I was primarily distracted by the cataclysmic pandemic bearing down on the Hudson Valley, and how to continue mainlining information on its progress while driving. WAMC’s broadcast was forked with static, so I started fiddling with the dial, glancing down to see the readout.
When I glanced back up, there was a tree 20 feet in front of my face.
I remember stomping my foot down at the brake, but there was no deacceleration; the car had bounced, sending me airborne so my foot missed its mark and I smashed into the tree at full speed.
A moment of shock. Two moments. Then I looked around and breathed a sigh of relief.
“Well, that wasn’t too bad,” I thought. “The airbags didn’t even go off!”
I was so convinced of this inside-the-vehicle evaluation I immediately texted my friend that I had been in a “Minor car accident.” Better let her know that I’ll be late, my thinking went.
But minor it was not. My Nissan, replete with TOHV magnetic signage, had hit the tree with the very edge of its bumper on the passenger’s side. The stout hardwood had pushed through until the tire rested against the trunk, mangling the car’s innards the entire way.
The Good Samaritan whose tree I had just plowed into asked me if he should call 911. I felt fine, and I certainly wasn’t going to a hospital or any other potentially infected health facility right now. Medical personnel had bigger problems to deal with anyway. I told the guy I would just call the non-emergency police line, but he insisted, and I relented.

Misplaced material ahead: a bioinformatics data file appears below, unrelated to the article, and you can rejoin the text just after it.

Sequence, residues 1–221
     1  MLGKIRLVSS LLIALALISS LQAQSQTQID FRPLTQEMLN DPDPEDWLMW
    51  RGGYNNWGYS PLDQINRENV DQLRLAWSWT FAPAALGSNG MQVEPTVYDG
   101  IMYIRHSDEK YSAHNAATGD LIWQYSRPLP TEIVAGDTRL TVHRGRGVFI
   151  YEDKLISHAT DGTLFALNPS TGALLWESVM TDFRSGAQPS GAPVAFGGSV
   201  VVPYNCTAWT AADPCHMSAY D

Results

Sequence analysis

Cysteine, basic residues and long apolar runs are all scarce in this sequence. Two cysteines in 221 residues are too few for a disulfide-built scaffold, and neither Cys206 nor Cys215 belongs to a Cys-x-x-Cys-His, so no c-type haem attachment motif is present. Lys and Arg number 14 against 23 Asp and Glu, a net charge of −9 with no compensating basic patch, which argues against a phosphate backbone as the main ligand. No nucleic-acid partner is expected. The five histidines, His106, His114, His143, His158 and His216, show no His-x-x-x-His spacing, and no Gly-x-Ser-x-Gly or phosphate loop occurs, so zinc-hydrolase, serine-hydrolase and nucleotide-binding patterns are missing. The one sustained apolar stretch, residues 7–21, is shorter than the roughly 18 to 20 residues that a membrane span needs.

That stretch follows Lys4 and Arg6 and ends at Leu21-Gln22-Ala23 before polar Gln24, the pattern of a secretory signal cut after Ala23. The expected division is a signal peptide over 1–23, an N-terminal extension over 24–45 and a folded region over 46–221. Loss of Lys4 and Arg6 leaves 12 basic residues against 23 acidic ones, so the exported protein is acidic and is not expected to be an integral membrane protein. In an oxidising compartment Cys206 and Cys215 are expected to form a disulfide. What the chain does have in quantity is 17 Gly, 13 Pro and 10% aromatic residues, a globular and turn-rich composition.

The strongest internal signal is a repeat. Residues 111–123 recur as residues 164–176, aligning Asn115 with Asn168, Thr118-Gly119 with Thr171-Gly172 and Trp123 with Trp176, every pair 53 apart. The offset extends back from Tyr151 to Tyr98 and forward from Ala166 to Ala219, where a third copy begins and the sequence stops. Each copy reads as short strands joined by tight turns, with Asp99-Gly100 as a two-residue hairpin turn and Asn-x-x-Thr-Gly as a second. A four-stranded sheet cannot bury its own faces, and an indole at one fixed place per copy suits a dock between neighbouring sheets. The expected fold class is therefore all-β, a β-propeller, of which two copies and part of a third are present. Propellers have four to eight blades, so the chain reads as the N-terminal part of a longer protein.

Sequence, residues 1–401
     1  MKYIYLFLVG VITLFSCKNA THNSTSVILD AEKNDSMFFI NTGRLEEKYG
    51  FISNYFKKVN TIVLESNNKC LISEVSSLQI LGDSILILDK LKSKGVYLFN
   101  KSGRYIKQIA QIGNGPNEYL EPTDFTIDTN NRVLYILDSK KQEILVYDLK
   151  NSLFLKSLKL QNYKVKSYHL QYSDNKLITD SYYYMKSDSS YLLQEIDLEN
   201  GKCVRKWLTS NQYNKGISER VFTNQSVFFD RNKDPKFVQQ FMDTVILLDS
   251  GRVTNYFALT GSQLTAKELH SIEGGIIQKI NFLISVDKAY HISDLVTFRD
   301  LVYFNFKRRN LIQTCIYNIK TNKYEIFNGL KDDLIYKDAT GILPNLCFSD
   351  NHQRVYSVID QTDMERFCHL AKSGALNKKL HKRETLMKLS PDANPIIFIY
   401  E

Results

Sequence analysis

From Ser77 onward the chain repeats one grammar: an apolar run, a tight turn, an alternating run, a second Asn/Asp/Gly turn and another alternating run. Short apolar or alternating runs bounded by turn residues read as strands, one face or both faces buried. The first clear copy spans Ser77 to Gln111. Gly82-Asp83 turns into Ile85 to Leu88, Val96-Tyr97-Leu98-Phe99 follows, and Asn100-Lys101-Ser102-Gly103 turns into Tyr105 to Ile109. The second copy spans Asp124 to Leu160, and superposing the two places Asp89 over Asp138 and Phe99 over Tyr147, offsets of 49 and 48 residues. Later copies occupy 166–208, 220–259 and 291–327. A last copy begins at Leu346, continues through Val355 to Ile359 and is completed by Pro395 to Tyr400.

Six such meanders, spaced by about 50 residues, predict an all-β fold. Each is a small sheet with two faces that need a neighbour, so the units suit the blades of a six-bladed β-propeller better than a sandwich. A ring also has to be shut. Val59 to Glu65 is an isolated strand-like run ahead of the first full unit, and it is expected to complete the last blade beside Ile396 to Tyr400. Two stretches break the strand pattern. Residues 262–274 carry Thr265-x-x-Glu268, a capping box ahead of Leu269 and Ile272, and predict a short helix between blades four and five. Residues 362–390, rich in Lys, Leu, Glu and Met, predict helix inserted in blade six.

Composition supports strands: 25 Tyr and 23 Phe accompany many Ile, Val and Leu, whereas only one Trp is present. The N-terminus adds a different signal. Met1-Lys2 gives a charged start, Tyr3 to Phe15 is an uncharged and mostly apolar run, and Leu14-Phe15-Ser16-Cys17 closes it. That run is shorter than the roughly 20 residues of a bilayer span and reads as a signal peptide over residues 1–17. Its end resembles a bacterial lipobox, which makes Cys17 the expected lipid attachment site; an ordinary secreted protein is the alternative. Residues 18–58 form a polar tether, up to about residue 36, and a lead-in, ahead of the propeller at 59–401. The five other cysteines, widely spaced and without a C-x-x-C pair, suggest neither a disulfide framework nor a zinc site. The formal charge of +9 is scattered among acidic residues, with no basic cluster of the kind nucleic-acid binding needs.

Longtime readers of A Day in TOHV will remember I keep two Narcans in my car. The opioid-reversal drugs are housed in little white nasal applicators that at first were only carried by paramedics, but now are carried by other first responders, including police, and, increasingly, members of the public. Two different police chiefs gave me the overdose-stopping applicators as I interviewed them for an article on fentanyl in the Hudson Valley. Addiction recovery advocates are ALL about Narcan being as widely available as possible. Even if you don’t know anyone addicted, the argument goes, we’re in the middle of the worst drug epidemic in modern history. You might just come across someone.
But I was more focused on double-checking that all my bones were unbroken, and this the Narcans’ presence didn’t enter my mind.
After whistling at the severity of the crash, the police asked if I had been drinking. This was not a good start. It was before 9 a.m., which seemed to be a good thing to point out in my defense.
“It’s 9 a.m.,” I said.
“Yeeeah, but…” the officer cajoled, tilting his head to the side and smiling.
I stated I had not. There was a further back-and-forth, and the officer asked if I was high on anything. I answered in the negative.
“Because your pupils look like pin-pricks,” he asserted.
So then I had to take the field sobriety test.
By this point, another squad car had arrived, so now there were four officers from two police agencies responding to the accident. One of the officers squinted at my magnets.
“What’s The Other Hudson Valley?” he asked.
Drat. Hoped maybe he was a fan.